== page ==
T HE progress of the Japanese attack on Port Arthur has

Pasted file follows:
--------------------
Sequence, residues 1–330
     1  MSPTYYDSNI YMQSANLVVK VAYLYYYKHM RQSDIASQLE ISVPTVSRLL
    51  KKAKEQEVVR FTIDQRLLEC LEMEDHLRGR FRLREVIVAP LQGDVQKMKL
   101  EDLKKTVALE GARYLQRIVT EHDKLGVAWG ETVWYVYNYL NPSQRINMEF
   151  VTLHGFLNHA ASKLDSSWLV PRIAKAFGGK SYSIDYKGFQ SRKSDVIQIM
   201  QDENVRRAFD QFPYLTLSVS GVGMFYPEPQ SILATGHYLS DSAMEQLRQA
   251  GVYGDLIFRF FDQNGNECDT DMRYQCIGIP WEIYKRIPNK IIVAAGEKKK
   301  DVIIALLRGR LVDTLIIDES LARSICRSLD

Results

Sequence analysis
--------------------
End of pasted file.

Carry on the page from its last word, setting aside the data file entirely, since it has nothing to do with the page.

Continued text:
this week been very great. The capture of the north fort of East Kee-kwan-sban was an event of great tactical importance, and it has been followed by the expulsion of the Russians from other heights. In modern fortresses the various works are like links in a chain. If one link is destroyed, the chain is destroyed. No doubt this fact is neutralised by surrounding the citadel with many chains which as far as possible are independent. They cannot, however, be unlimited in number, and therefore whenever a link is broken and a chain shattered the chances of the fortress remaining inviolate are gradually diminished. It is impossible to say how long it will be before Japan snaps the last link, but it is at any rate safe to say that she is perceptibly nearer it than she was at the beginning of December. We have dealt with the tragedy of Port Arthur at length elsewhere, and will only say here that the bravery both of the assailants and the defenders has been beyond praise. The Russians resist the splendid fury of the Japanese with a " dour " determination equally magnificent.